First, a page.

History and Technology
The military history collection at the New Brunswick Museum effectively began after World War I and the return of veterans from overseas who donated their uniforms, weapons and memorabilia as well as captured enemy souvenirs. Thereafter the collection deepened and broadened to include the present significant holdings of New Brunswick peace time militia uniforms from the 19th through the early 20th century and conflict era examples from both world wars together with post-1945 acquisitions. Army uniforms are most extensive with selective representation from the Royal Canadian Navy and Royal Canadian Air Force. A strong army insignia collection is featured, especially Canadian badges from World War I. There are as well outstanding signature items such as belt plates from the American Revolutionary War, War of 1812 and the19th century militia.
The military component of the weapons collection features a solid collection of firearms and edged weapons ranging from the 17th to the 20th century and an important and early assembly of Imperial Army maps and plans dealing with fortifications and barracks from New Brunswick’s colonial era. In the same time frame, coastal sea charts of the future New Brunswick by J.F.W. Desbarres in the late 1770s the Royal Navy during the late 1770s lend an engaging portrait of the mapmaker’s art for military purposes. Acquisitions of militaria continues strongly today, especially from surviving veterans of the Second World War or family members honouring their memory.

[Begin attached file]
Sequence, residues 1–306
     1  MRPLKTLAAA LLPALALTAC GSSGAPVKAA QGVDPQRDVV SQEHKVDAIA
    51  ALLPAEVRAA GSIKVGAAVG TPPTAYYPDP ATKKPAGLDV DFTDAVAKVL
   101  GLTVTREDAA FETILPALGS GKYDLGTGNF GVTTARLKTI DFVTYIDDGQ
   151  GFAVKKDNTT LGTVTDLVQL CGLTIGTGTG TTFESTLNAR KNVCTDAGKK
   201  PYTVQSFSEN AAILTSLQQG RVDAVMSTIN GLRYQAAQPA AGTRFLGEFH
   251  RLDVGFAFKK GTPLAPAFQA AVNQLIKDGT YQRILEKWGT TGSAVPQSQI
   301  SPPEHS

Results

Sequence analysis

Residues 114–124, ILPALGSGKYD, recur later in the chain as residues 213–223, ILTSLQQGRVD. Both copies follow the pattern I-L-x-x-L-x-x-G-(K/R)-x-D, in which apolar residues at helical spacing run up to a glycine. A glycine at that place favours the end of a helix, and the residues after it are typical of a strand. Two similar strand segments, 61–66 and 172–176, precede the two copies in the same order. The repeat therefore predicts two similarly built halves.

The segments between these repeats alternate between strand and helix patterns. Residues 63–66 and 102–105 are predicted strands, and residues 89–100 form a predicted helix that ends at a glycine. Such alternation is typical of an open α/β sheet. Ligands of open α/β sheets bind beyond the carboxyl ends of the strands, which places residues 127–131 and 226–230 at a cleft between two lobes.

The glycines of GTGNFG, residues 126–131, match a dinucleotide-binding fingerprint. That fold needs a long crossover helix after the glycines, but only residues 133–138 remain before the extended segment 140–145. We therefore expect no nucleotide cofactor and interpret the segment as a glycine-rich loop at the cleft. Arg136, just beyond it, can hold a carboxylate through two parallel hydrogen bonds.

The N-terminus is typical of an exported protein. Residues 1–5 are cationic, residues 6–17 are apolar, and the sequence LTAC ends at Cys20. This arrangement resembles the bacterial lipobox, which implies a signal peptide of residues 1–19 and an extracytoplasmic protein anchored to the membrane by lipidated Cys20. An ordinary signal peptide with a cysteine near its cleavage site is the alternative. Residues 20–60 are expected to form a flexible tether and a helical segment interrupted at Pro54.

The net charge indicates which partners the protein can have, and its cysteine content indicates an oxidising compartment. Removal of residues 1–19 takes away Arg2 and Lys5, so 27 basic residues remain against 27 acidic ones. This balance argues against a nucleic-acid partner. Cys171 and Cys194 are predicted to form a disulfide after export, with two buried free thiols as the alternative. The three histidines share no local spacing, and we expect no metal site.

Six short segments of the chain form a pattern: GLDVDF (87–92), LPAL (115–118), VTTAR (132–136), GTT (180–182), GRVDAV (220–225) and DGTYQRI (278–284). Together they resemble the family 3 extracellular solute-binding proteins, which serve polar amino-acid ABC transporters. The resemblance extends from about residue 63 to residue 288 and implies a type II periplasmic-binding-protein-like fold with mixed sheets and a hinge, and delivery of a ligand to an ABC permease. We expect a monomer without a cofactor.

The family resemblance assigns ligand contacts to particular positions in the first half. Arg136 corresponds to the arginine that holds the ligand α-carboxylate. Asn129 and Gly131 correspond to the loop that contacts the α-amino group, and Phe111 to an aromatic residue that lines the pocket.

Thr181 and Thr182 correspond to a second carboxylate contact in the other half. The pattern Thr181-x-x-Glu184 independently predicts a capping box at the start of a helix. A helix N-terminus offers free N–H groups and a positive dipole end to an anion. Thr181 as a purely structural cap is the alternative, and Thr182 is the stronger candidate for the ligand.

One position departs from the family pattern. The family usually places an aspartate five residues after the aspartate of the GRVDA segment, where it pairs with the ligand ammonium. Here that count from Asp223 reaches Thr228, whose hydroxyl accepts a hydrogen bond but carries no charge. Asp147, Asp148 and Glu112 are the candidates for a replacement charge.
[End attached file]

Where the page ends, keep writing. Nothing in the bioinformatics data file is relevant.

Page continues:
While early museum records document the donation of the 1839 ship model Britain’s Queen in1853, the New Brunswick Museum’s marine history collection only began to develop towards its present depth during the 1920s. Thereafter an impressive series of navigational instruments, sea captain’s charts, ship models, ship carpenter’s and sail maker’s tools were acquired. Smaller allied collections include ship smithing iron and sail rigging equipment. While ship models represented the finished product, builder’s half models embodied the lines of the future vessel as laid out by the shipwright in moulding lofts. There is an eclectic collection of these models which range from ships to barques, schooners and pleasure yachts. The rise of the marine architect is also represented in several vessel plans dating from the mid-nineteenth century on.